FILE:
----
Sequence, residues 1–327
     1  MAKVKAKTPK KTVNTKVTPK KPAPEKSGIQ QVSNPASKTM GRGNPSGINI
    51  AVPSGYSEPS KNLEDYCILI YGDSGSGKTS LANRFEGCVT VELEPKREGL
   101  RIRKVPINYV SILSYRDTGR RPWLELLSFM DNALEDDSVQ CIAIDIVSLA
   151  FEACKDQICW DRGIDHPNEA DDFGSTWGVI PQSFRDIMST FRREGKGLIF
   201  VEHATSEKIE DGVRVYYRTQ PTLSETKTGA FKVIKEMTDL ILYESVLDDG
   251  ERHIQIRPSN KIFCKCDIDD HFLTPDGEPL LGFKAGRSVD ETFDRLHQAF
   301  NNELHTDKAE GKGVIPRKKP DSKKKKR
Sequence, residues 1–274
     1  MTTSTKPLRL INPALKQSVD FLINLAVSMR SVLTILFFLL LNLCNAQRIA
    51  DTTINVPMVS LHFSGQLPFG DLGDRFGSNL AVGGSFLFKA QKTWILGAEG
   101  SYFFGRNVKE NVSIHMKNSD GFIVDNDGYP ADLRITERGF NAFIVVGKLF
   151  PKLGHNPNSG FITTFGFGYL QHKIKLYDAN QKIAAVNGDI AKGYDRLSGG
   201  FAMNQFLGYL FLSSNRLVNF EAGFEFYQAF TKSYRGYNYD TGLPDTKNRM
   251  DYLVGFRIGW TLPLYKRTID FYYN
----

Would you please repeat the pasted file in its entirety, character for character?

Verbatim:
Sequence, residues 1–327
     1  MAKVKAKTPK KTVNTKVTPK KPAPEKSGIQ QVSNPASKTM GRGNPSGINI
    51  AVPSGYSEPS KNLEDYCILI YGDSGSGKTS LANRFEGCVT VELEPKREGL
   101  RIRKVPINYV SILSYRDTGR RPWLELLSFM DNALEDDSVQ CIAIDIVSLA
   151  FEACKDQICW DRGIDHPNEA DDFGSTWGVI PQSFRDIMST FRREGKGLIF
   201  VEHATSEKIE DGVRVYYRTQ PTLSETKTGA FKVIKEMTDL ILYESVLDDG
   251  ERHIQIRPSN KIFCKCDIDD HFLTPDGEPL LGFKAGRSVD ETFDRLHQAF
   301  NNELHTDKAE GKGVIPRKKP DSKKKKR
Sequence, residues 1–274
     1  MTTSTKPLRL INPALKQSVD FLINLAVSMR SVLTILFFLL LNLCNAQRIA
    51  DTTINVPMVS LHFSGQLPFG DLGDRFGSNL AVGGSFLFKA QKTWILGAEG
   101  SYFFGRNVKE NVSIHMKNSD GFIVDNDGYP ADLRITERGF NAFIVVGKLF
   151  PKLGHNPNSG FITTFGFGYL QHKIKLYDAN QKIAAVNGDI AKGYDRLSGG
   201  FAMNQFLGYL FLSSNRLVNF EAGFEFYQAF TKSYRGYNYD TGLPDTKNRM
   251  DYLVGFRIGW TLPLYKRTID FYYN